Fit of the top is impeccable with God's breezes staying out and man-made refrigerated air staying in even when heading past Palm Springs one 105-degree noon in June.

Although a manual operation--Ferrari considers power seats and automatic transmission as equipment for softies--raising and lowering the roof is a one-catch, one-lever, one-person, one-minute operation. In fact, setting the leather boot over the top takes longer than stowing the roof, owing to Murphy's Law of convertibles: One snap must always refuse to fasten.

Reinforcement--mainly a stiffer windshield frame with some chassis strength ening--has been conservative. Still, there is zero cowl, windshield or hood flex no matter the speed or road surface.

Aerodynamically, the car is an anomaly. Wind noise with the top down is greater at moderate speeds than when tempting fate and the CHP. There's also less cockpit turbulence and fewer ruffled hairdos with the windows down than raised. Those funny Italians.


The interior is businesslike because the business of anyone driving a Ferrari is staying alert amid blurred scenery, not leaning back and admiring the view.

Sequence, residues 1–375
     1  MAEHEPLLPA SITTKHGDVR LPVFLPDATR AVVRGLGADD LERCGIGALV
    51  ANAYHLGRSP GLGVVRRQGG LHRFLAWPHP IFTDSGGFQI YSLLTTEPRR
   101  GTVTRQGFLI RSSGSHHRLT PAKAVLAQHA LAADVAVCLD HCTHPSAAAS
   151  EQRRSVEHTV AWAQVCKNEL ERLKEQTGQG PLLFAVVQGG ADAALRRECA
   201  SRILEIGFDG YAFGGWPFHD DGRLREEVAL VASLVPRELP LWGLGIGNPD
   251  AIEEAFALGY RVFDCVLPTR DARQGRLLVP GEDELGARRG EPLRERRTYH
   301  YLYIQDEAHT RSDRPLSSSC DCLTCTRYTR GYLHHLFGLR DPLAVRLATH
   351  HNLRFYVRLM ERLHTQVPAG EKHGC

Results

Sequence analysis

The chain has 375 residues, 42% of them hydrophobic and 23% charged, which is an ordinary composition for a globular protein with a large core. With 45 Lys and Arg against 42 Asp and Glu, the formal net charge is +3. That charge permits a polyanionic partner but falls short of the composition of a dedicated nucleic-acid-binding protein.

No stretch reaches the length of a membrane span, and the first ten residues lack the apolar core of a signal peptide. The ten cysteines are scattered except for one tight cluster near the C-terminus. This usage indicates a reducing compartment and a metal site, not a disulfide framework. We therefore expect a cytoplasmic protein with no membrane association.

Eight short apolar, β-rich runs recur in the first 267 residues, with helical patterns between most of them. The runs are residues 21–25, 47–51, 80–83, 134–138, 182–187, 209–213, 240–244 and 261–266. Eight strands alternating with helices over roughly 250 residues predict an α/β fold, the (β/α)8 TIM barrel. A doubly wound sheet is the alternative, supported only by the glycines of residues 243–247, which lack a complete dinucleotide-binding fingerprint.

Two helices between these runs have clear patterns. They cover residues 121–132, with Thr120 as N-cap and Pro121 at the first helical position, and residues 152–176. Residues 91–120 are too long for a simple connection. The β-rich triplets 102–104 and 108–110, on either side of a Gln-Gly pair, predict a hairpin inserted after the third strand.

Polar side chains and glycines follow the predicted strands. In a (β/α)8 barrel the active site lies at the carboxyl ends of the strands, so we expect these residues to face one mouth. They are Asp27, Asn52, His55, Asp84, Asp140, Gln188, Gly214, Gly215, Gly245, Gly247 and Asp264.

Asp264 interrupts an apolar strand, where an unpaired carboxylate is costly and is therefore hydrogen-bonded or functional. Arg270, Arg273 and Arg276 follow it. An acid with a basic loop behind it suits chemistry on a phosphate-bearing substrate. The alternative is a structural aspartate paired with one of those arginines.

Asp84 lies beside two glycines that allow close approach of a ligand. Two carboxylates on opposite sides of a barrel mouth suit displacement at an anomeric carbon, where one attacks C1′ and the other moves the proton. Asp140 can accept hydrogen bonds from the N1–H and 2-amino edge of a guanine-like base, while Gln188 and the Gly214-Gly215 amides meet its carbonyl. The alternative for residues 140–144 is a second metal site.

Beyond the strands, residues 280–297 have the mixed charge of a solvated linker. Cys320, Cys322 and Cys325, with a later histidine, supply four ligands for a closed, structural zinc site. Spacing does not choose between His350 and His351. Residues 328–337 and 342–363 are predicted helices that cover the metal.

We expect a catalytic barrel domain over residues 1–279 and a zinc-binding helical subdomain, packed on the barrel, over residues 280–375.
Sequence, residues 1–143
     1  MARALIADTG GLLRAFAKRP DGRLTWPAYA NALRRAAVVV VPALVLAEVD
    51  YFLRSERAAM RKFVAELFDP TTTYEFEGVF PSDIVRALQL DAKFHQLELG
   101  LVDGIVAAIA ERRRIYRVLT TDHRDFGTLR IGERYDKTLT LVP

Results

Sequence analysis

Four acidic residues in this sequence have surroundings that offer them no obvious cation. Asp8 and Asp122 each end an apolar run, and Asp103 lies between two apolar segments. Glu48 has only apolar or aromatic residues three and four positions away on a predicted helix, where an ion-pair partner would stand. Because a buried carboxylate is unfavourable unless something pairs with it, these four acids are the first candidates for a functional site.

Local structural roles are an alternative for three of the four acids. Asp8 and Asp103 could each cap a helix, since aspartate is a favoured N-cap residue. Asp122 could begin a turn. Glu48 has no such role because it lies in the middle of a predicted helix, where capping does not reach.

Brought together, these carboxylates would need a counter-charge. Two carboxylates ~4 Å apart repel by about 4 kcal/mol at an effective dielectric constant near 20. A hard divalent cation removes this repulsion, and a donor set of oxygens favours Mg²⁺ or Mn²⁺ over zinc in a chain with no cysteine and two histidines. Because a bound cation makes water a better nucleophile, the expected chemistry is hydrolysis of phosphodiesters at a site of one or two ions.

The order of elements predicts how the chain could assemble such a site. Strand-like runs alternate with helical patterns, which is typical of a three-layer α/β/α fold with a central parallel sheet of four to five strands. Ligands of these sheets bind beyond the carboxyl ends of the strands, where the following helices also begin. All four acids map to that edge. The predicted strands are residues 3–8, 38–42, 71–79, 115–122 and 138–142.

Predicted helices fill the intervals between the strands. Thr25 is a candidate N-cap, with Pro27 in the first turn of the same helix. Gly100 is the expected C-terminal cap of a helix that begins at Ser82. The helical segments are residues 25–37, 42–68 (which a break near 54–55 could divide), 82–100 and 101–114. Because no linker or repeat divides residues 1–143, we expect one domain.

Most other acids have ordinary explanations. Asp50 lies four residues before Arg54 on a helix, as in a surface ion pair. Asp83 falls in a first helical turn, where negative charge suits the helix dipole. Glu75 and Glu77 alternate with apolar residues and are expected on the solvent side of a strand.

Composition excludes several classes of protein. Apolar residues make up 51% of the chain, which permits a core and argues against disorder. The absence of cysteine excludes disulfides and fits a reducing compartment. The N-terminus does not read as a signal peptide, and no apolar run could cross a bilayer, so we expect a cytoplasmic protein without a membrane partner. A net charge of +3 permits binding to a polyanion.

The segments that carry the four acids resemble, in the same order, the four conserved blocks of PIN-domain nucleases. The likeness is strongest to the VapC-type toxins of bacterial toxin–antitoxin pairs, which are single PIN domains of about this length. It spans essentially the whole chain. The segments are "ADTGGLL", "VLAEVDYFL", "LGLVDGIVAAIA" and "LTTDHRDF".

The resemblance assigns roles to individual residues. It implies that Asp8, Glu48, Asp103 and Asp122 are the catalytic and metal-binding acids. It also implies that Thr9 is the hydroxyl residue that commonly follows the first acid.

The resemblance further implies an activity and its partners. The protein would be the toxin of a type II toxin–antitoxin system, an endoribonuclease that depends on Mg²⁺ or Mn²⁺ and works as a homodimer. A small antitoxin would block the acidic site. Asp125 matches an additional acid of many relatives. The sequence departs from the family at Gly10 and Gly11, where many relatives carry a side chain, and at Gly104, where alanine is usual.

Primary instruments are saucers set dead ahead for glimpsing all you need to know at high speed. Secondary dials are mounted in the center console because knowing how much gas remains is hardly a concern at 150 m.p.h.

Seats are for supporting butts, lumbars and thighs, not coddling them until sensory functions are lost. Pedal positions are a world standard for heel-and-toe shifters who would rather lose their creditli e than botch a gear change.

The only cockpit insignia is Ferrari's celebrated prancing horse as the horn button. The gearshift is a licorice golf ball atop a chrome stalk. A brushed aluminum gate guides the shift pattern with reverse top left and first-to-second a careful shove-and-shuffle across the bridge and up.

If all that sounds backward, even awkward, see it as Ferrari's dedication to the basics of precision driving, a Nuvolari formula followed since the '40s--and one that lesser exotic car makers only began replicating in the '60s.

And the 348 Spider fully subscribes to this Gospel According to Enzo Ferrari: That mechanical purity mated to a driver's senses and reflexes is technology enough.